The COVID-19 Pandemic: Schools are opening and a recommended book on quarantineAug 30, 2021
Schools across the nation have started in-person, including the three campuses of the Colorado School of Public Health. Two recent posts in the CDC’s Morbidity and Mortality Weekly Report address the pandemic and the safety of K-12 students and staff.
One report describes an avoidable school-based outbreak in Marin County, California. An unvaccinated teacher became symptomatic, but continued teaching for two days, reportedly reading to the class without a mask. Subsequently, 12 of 24 students in the class became ill with whole genome sequencing pointing to a common source of infection. Unfortunately, the sample from the index case — the teacher — was not sequenced. In terms of airborne transmission, the attack rate was higher in the children in the first two rows in the classroom. The infection did spread into another classroom through an unclear route. The outbreak documents that a failure to follow protocols can have untoward consequences — an apparently irresponsible teacher was unvaccinated, symptomatic, and unmasked in the classroom.
The second report provides evidence that schools can be open with relative safety. It describes rates of COVID-19 in transitional kindergarten through 12th grade (TK-12) in Los Angeles County, providing rates separately for cases defined as originating in school and for the entire county. The principal finding is that the incidence rate for cases among TK-12 students from September 2020 through March 2021 is much lower than the rate for the county overall in this age group. Rates for staff were also lower than the overall Los Angeles rate, but not so dramatically. The authors conclude: “The findings suggest that implementing recommended prevention measures might protect children, adolescents, and adults from COVID-19 in TK-12 schools.”
While the evidence, “common sense,” and the precautionary principle favor non-pharmaceutical interventions in schools, opposition continues against mask requirements in schools and vaccine mandates. Those against such measures voice arguments about a right to parental decision-making, government overreach, and even concerns about the adverse consequences of wearing a mask. Unfortunately, there are media reports of rancor, hostility, and physical altercations. In a reasonable decision related to an irrational policy, the Florida Supreme Court overturned Governor DeSantis’ order against imposition of mask mandates in schools.
Looking for a book to read about quarantine? If so, pick up Until Proven Safe: The History and Future of Quarantine by Geoff Manaugh and Nicola Twilley. The book originated prior to the COVID-19 pandemic. It has not been hastily thrown together, like some in the ever-growing pandemic pantheon. Its chapters weave the history of quarantine with explorations of unique quarantine situations, such as return from space travel and the international transport of agricultural products. Manaugh and Twilley end with a discussion about a reimagined quarantine in the future that is built around smart technology. The book starts with a detailed look at the history of quarantine, a term originating with the Italian word quarentena, or 40 days. Historically, the need for quarantine was recognized as trade brought goods and disease into trade centers and ports. Manaugh and Twilley cite the imposition of quarantine at Dubrovnik on the Adriatic Sea as a formal starting point for quarantine. Their review of the architecture of quarantine facilities is fascinating. They offer a detailed account of the lazzarettos of Venice and move on to other locations, including the United States. From the 1500s, health documents — “health passports” — were issued and required for travel. Certain vaccinations have long been required to enter particular countries, e.g., yellow fever, but now there is a high level of contention concerning health passports for COVID-19. History forgotten?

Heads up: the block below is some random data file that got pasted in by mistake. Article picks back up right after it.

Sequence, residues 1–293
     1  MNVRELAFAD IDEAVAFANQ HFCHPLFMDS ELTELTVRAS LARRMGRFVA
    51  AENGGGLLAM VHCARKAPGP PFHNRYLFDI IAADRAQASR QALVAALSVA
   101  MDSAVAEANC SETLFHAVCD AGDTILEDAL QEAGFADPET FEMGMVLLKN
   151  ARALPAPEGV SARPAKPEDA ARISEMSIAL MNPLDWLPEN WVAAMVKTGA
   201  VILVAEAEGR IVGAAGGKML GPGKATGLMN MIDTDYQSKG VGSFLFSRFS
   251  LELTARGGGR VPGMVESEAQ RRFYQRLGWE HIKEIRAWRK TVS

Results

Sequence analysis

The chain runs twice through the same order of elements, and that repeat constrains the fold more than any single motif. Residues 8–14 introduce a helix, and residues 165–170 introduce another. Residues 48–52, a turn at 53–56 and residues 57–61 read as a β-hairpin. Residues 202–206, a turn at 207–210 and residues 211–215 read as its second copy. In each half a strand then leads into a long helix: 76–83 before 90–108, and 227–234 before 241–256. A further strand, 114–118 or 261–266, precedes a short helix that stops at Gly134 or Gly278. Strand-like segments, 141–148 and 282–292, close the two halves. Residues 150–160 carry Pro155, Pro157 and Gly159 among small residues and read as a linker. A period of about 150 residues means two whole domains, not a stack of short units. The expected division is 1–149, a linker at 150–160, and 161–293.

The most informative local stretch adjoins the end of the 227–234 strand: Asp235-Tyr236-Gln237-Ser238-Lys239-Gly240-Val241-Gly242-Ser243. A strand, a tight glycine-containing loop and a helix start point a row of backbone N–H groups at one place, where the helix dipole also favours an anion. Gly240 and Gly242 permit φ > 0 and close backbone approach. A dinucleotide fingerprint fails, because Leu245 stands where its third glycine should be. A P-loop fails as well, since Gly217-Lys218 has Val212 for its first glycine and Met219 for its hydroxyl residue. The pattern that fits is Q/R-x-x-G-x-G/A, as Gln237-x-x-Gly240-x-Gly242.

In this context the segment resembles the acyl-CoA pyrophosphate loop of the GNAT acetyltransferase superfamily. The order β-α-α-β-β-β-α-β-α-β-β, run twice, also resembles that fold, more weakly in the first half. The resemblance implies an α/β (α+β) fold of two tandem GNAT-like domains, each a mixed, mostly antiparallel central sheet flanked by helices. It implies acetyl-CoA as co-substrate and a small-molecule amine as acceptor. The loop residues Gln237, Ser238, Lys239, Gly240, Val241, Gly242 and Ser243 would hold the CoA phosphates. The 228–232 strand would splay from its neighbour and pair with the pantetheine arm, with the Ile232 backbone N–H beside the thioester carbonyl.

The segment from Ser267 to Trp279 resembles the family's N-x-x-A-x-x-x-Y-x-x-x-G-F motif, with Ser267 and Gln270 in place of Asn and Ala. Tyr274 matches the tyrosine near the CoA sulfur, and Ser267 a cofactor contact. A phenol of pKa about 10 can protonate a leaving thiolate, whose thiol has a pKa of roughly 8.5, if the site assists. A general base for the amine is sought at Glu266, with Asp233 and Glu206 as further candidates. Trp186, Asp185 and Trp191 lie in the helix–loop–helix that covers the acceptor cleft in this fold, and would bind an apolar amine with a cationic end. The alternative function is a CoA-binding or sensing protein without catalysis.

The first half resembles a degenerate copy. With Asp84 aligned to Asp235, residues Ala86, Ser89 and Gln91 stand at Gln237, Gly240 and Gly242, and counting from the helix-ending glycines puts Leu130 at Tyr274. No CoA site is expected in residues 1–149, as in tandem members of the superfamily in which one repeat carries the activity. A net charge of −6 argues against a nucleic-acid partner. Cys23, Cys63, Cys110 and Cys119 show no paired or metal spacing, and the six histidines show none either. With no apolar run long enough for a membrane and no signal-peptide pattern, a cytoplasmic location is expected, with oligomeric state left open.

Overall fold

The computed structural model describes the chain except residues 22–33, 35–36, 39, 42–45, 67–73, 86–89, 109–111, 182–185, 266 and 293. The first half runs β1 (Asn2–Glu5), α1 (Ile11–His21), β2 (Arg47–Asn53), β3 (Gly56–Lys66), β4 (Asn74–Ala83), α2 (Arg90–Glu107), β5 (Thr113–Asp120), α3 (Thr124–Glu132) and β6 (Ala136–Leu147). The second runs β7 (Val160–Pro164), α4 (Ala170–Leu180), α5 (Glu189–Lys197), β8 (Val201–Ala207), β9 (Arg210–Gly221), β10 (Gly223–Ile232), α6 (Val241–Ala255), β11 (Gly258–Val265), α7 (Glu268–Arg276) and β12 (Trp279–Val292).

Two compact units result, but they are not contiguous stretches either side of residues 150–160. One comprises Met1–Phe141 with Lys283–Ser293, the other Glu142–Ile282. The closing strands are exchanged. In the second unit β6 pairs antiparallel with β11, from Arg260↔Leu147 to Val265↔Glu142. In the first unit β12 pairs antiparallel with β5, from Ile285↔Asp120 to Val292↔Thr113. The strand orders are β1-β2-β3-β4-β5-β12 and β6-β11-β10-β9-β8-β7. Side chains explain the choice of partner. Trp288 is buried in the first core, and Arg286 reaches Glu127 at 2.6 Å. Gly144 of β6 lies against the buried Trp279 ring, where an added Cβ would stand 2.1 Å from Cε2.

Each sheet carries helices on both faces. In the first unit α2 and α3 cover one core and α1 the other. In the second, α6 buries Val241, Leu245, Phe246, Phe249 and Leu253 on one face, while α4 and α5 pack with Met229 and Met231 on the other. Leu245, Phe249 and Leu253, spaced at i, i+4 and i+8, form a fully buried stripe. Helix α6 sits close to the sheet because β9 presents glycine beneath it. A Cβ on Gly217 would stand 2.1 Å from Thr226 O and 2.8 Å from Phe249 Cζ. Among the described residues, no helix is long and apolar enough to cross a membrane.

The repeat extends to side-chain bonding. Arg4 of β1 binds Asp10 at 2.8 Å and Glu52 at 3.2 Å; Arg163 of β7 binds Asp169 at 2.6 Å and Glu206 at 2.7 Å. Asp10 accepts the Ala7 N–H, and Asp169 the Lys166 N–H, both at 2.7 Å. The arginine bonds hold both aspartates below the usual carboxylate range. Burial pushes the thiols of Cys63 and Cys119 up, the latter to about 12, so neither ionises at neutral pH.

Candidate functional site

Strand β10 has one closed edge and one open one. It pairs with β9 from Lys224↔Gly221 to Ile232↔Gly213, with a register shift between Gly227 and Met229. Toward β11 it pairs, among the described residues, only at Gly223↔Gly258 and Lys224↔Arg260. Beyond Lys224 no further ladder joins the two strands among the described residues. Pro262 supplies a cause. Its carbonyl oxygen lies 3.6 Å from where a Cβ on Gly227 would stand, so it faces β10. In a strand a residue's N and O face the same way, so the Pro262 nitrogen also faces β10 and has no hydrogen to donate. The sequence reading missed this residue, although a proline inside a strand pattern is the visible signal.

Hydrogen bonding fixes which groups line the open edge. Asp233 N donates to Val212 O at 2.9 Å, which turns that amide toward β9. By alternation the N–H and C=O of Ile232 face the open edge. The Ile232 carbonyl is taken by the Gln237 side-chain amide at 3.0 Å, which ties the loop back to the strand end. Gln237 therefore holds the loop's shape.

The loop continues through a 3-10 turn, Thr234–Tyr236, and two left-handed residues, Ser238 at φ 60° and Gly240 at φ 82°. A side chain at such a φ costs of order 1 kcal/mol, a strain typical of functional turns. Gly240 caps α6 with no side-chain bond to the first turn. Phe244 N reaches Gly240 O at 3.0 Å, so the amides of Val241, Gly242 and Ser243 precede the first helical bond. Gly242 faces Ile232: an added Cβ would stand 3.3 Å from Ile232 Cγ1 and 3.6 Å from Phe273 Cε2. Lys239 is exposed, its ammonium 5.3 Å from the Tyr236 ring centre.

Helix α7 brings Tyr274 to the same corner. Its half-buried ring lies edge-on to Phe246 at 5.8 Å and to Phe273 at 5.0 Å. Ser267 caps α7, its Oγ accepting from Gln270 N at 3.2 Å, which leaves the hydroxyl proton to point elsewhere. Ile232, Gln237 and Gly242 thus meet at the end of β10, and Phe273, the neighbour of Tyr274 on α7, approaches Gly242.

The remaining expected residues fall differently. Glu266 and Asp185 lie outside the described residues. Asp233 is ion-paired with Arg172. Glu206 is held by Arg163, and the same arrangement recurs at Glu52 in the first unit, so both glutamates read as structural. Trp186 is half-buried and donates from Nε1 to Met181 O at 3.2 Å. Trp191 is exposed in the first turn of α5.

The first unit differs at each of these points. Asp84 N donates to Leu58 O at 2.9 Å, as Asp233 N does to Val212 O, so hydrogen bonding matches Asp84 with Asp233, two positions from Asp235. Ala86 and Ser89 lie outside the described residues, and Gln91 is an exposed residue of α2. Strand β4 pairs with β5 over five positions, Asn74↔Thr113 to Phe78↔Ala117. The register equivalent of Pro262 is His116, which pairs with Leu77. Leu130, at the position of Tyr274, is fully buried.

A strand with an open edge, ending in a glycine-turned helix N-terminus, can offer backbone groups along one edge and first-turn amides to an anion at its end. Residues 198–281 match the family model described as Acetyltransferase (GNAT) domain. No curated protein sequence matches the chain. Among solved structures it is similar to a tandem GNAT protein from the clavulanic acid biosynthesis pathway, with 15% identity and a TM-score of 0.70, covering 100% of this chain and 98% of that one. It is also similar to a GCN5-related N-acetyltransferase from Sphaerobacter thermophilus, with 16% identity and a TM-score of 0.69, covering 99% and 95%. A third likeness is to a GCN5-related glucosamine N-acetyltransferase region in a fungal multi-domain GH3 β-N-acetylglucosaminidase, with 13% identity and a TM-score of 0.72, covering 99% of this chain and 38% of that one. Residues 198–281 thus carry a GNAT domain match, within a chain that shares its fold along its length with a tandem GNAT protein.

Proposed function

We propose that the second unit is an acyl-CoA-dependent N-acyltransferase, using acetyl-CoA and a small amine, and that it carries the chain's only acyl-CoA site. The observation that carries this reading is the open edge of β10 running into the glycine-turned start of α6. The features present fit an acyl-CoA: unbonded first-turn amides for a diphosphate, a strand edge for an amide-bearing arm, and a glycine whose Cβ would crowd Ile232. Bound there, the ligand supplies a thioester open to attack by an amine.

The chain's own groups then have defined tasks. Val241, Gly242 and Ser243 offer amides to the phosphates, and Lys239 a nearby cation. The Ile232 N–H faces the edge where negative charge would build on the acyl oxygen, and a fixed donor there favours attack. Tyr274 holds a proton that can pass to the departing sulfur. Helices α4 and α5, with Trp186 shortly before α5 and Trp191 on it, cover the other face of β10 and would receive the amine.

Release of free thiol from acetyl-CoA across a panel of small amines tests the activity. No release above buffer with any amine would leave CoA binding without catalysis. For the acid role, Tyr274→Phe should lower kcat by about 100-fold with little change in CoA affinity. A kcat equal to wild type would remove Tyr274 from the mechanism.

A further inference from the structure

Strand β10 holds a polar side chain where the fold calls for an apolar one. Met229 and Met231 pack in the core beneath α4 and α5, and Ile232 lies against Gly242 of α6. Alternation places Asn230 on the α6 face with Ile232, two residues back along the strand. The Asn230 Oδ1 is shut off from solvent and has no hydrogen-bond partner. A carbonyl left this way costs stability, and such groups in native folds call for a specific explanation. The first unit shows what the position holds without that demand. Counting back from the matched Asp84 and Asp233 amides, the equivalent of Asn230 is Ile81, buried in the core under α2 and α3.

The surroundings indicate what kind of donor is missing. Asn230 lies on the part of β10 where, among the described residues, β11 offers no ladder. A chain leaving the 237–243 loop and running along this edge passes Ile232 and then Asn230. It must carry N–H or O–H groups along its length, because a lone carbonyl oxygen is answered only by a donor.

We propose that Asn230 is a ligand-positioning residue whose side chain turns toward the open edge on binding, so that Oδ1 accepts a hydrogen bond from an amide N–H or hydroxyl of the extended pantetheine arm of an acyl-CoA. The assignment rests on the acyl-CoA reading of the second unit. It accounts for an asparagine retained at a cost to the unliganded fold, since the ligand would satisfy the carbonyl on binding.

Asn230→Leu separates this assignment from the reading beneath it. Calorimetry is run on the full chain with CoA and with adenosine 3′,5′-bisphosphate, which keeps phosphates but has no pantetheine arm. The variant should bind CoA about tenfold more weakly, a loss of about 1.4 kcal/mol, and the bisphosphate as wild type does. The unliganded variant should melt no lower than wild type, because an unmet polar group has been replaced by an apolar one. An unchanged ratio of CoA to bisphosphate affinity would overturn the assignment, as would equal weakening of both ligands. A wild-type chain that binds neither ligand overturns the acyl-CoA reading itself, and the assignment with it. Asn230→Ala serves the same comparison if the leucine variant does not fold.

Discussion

I was not aware that some agricultural products may go through lengthy and elaborate quarantine. The United Kingdom houses the International Cocoa Quarantine Centre where cacoa plants spend two years in passing from one country to another so as to avoid carrying contamination. The book also describes the measures taken to assure that space craft do not bring microbes to the bodies where they land and that the moon-landing astronauts were not infected. One chapter deviates from quarantine and addresses isolation of radioactive materials that need to be cordoned from contact for millennia. The chapter centers on the Waste Isolation Pilot Plant (WIPP) in Carlsbad, New Mexico, where low- to mid-level radioactive transuranic wastes from the nuclear complex are being stored – forever. The radioactive materials are placed deep underground in a salt cavern, but warnings are required for future civilizations over the millennia so that they will avoid and not disturb the site. Decades ago, I served on a committee for the EPA that considered this challenge. Discussions were framed around such constraints as: “we will not consider ‘Road Warrior’ scenarios,” referring to the post-apocalyptic movie. Per Manaugh and Twilley, this challenge remains unsolved.
Colorado’s epidemic curve continues its upward tilt. We will gain critical insights into its future course over the next few weeks with schools in session. Hoping for a downturn, and welcome back students.
Jonathan Samet, MD, MS
Dean, Colorado School of Public Health